The petite, 4 foot-11 inch, 48-year-old’s upbeat spirit seems to draw students and staff to her like a magnet at this Historic Black College and University. Founded in 1867, originally as a school to train pastors by the Methodist Episcopal Church, the college became a state university in 1975 and offers a wide variety of programs to its 7,500 students.

Doctoral student Katherine Lloyd meets weekly for lunch with “Miss Vickie” for fellowship and support. Lloyd says it was hard for her, too, coming to a new environment, leaving a rural area to attend school and live in an urban area the first time. But a mutual friend introduced her to Vickie via “Facebook” and she says, “We immediately connected.”

Photo by Laura Sikes

Vickie Stewart, center, a North American Mission Board missionary, connects with Morgan State University (MSU) students Stephon Walker, left, a junior, and Phillip Datcher, a senior. The 4’11” Stewart, a Baltimore native, came to MSU in 2008 as campus missionary. Stewart is one of eight missionaries featured in the Week of Prayer for the Annie Armstrong Easter Offering, March 6-13. See video.


“Vickie is my only consistent Christian woman friend I have,” Lloyd says. “She’s the only person I know here that I can go to as a woman and talk about stuff and know that this is coming from someone who is like-minded in Christ. It’s a quick hour but it’s just good to know that once a week I have that fellowship.

“When you see Miss Vickie, you feel better because she’s excited to see you, and she’ll give you a hug and she’ll talk and say, ‘I’m praying for you.’”           

In 2008, when Stewart came to MSU as NAMB’s campus missionary, she says God brought her back home to her native Baltimore and gave her the desires of her heart. Since she first felt called to missions in 1981, Stewart had long wanted to work with college students.

But first God led her to work with the urban poor in Brazil as a missionary with the International Mission Board. When she was commissioned in 2000, she was hired to work with students but ended up serving as a church planter while there. Stewart said that she never intended to leave Brazil but she returned home after her father passed away to help care for her mother.

Soon after coming home in 2007, Stewart applied for the campus ministry position, which is supported by NAMB and the Baptist State Convention of Maryland/Delaware.

Stewart was a natural to continue the work begun a year earlier at Morgan State by Ryan Palmer, pastor of Seventh Metro Church in Baltimore. Palmer says his church and others within the state convention had been praying for three years for direction and for someone like Stewart to come along.  He says it was “a step back, wow moment” when they found her.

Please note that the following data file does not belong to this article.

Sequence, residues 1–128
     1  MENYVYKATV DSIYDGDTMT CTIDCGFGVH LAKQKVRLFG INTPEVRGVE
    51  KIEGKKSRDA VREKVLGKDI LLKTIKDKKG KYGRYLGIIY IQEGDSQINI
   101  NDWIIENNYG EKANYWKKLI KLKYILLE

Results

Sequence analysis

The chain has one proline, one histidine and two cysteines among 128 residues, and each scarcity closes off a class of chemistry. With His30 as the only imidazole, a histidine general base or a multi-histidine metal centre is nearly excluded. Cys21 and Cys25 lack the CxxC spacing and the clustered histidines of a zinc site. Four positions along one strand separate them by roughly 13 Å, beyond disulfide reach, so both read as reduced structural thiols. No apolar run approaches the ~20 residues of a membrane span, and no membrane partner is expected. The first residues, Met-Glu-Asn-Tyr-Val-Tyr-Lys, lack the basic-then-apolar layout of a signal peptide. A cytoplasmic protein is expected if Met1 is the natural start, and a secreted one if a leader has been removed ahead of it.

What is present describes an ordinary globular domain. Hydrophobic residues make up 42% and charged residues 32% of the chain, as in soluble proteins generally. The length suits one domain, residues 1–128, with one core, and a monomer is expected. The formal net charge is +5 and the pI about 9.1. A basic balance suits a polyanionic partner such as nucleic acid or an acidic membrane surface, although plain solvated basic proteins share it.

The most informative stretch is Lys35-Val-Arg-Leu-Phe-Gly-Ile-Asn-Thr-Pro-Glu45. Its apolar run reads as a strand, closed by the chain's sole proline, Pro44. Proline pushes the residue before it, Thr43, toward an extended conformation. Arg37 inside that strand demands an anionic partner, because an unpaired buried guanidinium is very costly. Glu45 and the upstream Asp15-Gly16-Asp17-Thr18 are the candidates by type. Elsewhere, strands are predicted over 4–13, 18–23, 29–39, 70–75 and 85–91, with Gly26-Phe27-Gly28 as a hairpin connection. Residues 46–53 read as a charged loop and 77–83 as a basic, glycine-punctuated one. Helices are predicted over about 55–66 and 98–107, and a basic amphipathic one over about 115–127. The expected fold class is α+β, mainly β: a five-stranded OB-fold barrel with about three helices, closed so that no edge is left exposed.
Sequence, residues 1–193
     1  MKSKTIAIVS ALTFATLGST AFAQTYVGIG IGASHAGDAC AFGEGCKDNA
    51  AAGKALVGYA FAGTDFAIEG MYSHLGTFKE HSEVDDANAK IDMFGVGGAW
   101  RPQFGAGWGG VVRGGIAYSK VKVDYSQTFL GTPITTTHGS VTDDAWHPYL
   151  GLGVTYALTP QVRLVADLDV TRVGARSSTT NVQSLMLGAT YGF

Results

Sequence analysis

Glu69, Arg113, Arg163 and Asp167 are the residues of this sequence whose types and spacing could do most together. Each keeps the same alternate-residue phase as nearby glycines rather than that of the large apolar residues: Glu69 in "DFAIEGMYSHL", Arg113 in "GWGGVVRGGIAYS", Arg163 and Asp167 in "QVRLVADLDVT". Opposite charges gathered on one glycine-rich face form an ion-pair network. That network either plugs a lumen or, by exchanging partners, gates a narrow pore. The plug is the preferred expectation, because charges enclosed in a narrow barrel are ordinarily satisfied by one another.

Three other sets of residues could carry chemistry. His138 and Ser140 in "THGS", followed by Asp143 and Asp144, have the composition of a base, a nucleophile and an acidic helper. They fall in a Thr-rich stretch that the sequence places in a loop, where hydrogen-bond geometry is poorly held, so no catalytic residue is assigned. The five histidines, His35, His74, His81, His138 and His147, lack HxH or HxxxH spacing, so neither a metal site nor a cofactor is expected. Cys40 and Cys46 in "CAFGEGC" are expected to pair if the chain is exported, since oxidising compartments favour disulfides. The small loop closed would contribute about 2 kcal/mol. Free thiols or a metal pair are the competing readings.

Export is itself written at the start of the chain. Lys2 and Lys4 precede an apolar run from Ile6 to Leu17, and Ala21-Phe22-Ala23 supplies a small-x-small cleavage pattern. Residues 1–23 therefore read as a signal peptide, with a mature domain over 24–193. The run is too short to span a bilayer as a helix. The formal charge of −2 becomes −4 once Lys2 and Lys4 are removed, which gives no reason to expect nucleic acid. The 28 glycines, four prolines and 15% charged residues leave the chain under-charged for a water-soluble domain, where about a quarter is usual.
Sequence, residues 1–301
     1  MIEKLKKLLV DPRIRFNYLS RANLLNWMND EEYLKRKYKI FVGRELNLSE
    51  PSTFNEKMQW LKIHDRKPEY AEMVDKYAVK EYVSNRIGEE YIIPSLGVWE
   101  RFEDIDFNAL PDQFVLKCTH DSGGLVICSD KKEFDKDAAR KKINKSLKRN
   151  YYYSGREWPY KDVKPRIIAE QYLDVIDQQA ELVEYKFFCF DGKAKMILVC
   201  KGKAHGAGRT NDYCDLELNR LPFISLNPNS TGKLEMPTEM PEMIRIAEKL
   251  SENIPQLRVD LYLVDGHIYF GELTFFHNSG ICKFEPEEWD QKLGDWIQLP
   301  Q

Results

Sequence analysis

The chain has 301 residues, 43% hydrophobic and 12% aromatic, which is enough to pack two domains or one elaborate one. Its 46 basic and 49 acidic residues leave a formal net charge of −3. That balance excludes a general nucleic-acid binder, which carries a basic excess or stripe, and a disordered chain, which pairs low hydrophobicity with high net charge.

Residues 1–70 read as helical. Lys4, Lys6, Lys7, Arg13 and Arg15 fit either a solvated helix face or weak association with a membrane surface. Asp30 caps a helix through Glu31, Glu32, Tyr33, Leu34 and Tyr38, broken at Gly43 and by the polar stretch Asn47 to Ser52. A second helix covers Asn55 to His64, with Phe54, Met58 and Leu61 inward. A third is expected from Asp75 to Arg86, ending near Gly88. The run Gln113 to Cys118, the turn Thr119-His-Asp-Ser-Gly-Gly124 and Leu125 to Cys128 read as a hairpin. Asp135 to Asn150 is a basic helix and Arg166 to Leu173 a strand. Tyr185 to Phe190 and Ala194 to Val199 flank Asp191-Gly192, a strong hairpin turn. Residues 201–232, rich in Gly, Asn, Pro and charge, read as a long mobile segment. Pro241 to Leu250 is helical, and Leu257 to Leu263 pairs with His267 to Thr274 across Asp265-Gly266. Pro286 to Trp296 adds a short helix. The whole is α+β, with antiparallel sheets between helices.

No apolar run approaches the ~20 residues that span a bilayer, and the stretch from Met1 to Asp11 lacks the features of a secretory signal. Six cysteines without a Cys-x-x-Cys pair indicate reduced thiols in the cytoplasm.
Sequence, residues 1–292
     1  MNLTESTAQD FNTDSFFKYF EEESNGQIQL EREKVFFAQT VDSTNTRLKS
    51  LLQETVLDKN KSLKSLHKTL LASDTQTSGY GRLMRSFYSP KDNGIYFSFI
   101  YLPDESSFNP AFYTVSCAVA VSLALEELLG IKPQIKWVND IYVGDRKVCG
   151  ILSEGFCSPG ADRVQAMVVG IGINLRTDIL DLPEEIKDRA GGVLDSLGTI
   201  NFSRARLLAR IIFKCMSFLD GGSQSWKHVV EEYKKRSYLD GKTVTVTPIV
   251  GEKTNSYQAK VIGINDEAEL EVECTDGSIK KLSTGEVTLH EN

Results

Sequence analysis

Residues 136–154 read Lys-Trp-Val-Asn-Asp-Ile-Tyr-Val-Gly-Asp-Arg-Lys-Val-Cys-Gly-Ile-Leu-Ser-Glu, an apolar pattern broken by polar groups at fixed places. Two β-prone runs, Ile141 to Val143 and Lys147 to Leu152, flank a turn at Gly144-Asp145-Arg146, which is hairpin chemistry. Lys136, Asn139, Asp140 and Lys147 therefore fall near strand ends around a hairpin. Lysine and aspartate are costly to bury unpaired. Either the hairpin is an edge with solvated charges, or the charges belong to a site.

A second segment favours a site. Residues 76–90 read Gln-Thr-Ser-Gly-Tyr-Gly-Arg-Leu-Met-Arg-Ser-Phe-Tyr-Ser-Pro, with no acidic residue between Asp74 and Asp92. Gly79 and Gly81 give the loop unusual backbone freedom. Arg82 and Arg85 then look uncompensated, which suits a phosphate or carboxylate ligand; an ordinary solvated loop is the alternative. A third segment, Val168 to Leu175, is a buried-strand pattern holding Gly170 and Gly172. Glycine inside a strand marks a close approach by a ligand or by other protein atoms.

She was the perfect fit, Palmer says, with all of her training and experience with the IMB. In addition, she was a native of Baltimore, young and an African-American.

“Vickie is an evangelist at heart and I don’t use that term loosely. She is sincerely concerned about lostness. That’s just a good fit for the work we’re doing at Morgan State. In addition to that, she follows up on lostness with her strong passion for discipleship,” said Palmer.           

Together, Palmer and Stewart lead an off-campus, coed Bible study, called “The Point,” which targets unchurched students. Vickie also holds a weekly Bible study for young women on campus.

Upon leaving Brazil, an upset Stewart says she remembers being comforted by a pastor who told her that perhaps “God brought you to Brazil to show you that you’re unique and that you can do anything where He calls you. God is sending you home to work with women who are hurting.”

Today, those words seem prophetic as Stewart describes most of her students as hurting. The young women in her weekly Bible study have many emotional needs, she says. They are searching and figuring out what they want to do with their lives.

She says she prayed for God to send her students, much like Shemaiah Strickland, who have teachable spirits and for those who are not Christians and who are hungry for the Word.

Each Thursday night, Stewart’s Bible study begins with a boxed meal and a lively praise report, in which students share answered prayers and good things that are happening in their lives. Last spring the group studied from the book, The Christian in a Post-Modern World, which stimulated discussion.